The Clinton County Commissioners and Clinton County Council jointly convened in a special session Tuesday morning and signed a Economic Development Project Agreement (EDPA) between the County, University Health Inc. and Indiana University Health Frankfort, Inc. (IUHF) by which all three entities would agree on the terms for the construction of a replacement Frankfort hospital facility.
The agreement wrapped up nearly two years of discussions on the new $30 million hospital to be built right behind the current facility on Jackson Street between White and Hackett streets. The facility will also include a new ambulance entry way off White Street and moving the heliport from the Clinton County Fairgrounds to the southeast corner near the new ambulance entry way.
“This is a huge milestone and we’ve had this circled for quite some time,” said IU Health President Kelly Braverman. “But, we’re not quite there yet. We still have our wonderful partners with the city and we’ve got a few more documents with them to take care of as well.”
The agreement is broken down into four specific requests. First, the county commits to a $5 million economic development incentive payable over 10 years. Second, the county must sell the land to IU Health for $1. Third, the county must collaborate with IU Health and the City of Frankfort to raise $4 million in additional philanthropic and grant support; and fourth, the county must provide all county approvals reasonably requested by IU Health.
From the city, IU Health is requesting the city agree to a $500,000 economic development incentive payable over eight years, collaborate with IU Health and the county to raise another $4 million in additional grant support, provide all city approvals requested for the project and provide waivers and discounts for agreed upon city utility connections and services. Braverman is hoping those documents can be taken care of before the end of March.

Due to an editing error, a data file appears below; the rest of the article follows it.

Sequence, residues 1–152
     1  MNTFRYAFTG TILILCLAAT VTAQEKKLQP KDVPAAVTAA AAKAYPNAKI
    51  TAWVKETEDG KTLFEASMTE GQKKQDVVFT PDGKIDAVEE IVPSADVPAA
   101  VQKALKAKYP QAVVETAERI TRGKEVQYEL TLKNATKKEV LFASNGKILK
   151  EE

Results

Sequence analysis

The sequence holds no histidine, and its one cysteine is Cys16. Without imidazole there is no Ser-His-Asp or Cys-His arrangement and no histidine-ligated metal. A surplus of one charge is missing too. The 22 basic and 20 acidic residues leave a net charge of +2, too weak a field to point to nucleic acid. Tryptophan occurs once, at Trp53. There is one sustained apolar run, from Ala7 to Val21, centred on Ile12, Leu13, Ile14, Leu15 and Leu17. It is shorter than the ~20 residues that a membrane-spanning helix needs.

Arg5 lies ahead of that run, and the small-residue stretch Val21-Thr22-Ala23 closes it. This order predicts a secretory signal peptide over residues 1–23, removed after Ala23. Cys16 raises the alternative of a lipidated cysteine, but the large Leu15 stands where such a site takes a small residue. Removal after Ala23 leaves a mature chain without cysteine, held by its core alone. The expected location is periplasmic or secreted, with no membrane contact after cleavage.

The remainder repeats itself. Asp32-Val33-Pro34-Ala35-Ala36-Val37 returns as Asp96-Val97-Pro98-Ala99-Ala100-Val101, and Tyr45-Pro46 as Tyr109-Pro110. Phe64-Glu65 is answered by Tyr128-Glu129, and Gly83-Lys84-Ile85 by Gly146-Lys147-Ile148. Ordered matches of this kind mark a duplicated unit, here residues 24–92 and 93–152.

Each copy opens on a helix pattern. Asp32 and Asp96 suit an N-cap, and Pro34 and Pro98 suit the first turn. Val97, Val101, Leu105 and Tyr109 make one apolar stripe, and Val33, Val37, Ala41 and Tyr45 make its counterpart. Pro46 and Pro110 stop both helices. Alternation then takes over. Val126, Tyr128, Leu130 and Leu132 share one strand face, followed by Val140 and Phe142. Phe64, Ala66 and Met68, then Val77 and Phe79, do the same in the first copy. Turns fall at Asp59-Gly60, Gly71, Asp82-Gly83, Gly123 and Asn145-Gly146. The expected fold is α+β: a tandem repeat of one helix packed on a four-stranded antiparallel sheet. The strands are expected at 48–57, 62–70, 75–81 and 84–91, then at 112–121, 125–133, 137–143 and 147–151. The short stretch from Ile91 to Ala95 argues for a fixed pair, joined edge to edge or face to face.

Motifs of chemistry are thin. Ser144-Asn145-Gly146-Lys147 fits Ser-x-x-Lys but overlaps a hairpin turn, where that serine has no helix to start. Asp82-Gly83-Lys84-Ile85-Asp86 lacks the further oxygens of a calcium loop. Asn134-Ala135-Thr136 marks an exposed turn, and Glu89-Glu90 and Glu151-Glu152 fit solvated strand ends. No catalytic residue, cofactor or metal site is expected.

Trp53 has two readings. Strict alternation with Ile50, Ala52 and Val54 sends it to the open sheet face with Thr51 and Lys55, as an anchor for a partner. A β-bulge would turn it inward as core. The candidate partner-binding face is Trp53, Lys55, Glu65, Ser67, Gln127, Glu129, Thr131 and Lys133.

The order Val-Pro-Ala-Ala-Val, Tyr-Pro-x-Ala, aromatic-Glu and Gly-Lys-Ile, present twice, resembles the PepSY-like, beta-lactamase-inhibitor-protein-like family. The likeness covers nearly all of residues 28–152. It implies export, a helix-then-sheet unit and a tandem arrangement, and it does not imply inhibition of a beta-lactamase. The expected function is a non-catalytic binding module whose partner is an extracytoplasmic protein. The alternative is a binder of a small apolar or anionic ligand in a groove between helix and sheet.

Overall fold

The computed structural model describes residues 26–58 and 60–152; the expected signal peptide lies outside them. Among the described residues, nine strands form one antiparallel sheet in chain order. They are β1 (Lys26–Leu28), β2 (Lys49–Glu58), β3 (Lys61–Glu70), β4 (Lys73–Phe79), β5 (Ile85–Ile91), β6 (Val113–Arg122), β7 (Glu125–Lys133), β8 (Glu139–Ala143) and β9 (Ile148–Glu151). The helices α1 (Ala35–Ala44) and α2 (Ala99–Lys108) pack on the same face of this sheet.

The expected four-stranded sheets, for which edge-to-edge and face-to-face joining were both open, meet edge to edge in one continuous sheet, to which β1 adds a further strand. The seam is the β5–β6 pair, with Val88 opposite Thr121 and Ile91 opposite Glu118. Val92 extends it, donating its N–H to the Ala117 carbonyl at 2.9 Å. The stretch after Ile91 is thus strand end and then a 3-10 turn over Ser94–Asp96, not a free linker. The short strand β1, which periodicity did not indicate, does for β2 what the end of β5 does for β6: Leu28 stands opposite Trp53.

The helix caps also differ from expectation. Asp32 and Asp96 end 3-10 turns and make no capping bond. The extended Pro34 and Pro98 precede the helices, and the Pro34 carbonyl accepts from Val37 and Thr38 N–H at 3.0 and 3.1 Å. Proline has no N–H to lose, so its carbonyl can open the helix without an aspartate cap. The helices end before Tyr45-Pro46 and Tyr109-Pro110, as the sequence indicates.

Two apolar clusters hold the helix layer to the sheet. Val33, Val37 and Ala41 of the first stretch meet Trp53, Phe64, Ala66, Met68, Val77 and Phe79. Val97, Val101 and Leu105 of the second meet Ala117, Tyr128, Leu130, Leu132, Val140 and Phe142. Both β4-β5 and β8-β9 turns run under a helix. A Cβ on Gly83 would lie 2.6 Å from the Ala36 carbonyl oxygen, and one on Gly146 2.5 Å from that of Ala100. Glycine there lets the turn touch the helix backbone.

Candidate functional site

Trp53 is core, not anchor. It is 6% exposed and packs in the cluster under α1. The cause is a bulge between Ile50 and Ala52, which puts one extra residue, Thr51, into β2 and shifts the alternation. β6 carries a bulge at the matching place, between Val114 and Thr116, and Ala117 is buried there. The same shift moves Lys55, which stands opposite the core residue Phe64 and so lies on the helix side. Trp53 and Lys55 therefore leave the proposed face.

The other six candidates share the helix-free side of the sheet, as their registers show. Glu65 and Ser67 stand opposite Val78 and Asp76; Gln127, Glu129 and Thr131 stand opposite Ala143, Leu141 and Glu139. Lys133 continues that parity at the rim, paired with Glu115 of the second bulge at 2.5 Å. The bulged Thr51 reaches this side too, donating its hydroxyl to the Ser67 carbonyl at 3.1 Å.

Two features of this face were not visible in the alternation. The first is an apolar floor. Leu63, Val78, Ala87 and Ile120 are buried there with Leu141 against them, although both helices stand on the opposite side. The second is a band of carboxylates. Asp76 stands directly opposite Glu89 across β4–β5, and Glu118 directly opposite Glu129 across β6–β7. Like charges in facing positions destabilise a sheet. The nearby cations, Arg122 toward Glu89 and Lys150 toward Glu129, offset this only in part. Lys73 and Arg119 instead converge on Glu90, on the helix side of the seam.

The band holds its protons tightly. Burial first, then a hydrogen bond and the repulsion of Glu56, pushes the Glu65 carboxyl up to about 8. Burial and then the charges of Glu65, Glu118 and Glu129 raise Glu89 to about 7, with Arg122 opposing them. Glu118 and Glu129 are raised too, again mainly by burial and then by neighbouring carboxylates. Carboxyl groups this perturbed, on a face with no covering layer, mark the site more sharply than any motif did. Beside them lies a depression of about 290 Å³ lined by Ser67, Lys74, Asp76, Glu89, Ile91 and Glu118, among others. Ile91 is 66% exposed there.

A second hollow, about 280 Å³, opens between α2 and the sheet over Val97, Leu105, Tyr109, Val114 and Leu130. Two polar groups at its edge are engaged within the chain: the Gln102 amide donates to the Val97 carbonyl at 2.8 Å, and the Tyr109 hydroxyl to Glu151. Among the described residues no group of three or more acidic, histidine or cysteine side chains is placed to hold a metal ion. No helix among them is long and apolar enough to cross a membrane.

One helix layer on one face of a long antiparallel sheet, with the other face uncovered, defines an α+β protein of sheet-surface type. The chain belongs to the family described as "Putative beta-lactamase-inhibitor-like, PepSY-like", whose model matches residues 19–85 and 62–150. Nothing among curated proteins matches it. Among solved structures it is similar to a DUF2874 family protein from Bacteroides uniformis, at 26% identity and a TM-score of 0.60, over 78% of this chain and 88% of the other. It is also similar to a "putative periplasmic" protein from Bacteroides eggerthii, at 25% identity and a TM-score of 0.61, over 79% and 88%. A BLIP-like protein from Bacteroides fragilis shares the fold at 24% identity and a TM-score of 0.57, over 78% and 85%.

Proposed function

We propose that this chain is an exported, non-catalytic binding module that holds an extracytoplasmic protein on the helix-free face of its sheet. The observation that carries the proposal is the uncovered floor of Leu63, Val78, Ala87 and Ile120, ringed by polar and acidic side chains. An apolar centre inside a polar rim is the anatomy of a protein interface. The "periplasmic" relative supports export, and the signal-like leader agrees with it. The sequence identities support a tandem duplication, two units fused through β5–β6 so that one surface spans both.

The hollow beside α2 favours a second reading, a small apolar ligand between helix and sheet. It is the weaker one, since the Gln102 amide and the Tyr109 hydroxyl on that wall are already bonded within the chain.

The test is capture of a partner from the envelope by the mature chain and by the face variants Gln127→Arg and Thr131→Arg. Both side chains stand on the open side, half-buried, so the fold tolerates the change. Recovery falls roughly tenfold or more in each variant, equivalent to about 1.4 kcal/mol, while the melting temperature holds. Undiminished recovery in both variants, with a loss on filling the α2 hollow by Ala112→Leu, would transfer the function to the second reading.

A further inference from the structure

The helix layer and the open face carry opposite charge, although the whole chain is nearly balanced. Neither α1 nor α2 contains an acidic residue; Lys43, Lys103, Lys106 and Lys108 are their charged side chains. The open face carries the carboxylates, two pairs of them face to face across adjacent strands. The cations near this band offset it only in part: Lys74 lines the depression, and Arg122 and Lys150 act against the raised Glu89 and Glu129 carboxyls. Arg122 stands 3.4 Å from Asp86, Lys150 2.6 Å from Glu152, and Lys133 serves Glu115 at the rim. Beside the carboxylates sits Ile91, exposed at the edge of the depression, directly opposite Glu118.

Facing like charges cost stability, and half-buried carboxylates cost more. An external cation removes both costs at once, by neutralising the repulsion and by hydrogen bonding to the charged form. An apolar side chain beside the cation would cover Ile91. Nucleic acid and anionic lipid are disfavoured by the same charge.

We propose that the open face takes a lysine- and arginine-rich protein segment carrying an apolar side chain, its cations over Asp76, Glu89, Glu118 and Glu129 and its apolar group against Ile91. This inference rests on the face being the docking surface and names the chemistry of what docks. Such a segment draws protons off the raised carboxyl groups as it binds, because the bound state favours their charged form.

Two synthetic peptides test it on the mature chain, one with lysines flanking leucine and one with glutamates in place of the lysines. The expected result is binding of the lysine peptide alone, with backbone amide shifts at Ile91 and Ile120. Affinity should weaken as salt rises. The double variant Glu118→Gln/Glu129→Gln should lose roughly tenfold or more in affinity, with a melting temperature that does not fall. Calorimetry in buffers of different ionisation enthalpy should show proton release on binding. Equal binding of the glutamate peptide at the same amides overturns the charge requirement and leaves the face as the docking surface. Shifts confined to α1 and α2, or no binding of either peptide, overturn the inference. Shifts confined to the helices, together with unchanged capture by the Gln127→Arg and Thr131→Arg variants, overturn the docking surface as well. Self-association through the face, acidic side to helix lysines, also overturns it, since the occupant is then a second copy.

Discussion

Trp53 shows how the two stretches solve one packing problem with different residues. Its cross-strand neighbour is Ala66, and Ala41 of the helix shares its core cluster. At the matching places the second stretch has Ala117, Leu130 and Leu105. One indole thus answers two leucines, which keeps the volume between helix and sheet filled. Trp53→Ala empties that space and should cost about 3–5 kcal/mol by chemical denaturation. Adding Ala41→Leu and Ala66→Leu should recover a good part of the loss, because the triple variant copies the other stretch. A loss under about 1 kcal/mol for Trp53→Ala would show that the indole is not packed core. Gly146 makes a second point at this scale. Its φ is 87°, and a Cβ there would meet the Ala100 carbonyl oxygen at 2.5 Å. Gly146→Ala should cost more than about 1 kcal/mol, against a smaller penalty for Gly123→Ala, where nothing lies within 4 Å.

Once all of this is agreed to, IU Health will begin construction on the facility that will have no more than 25 beds because it is a critical access hospital. The completion date for the project is the end of 2021.
“It’s very patient friendly,” said Braverman of the building. “I think that ‘s the big deal that we’ve been able to listen to our patients and get them what they’ve asked for. We are elated to be part of the community for the long haul.”
Obviously, all members of the County Council and Commissioners were elated with the signing.
“I’m really excited for our community and what this means for the long term,” said Commissioners President Josh Uitts. “In the short term, we’re going to have a lot going on around the current hospital facility while the new one is being constructed. I’m excited that the folks of Clinton County are going to have a hospital here for the foreseeable future and it’s going to be a state-of-the-art, brand new facility.”
Uitts added this is a big deal for the area.
“This is huge for Clinton County,” said Uitts. “This is not an opportunity that a lot of rural communities are having these days.”
Clinton County Council President Alan Dunn echoed Uitts’ comments.
“I think this is an important as any other infrastructure project that we could talk about whether we’re talking about housing, whether we’re talking about about wastewater, whether we’re talking about roads, whether we’re talking about school referendums,” said Dunn. “All those things are important to a person or business trying to decide where to locate. And healthcare is just as important as any of those other things. To me, this is something we can be proud of and gives us access to cutting edge medical technology.”
Braverman said the main part of the current facility was built in 1951 with additions being done in 1979 and 1995. She added once the new facility is built, the current facility would be demolished and turned into a parking lot with lots of green space.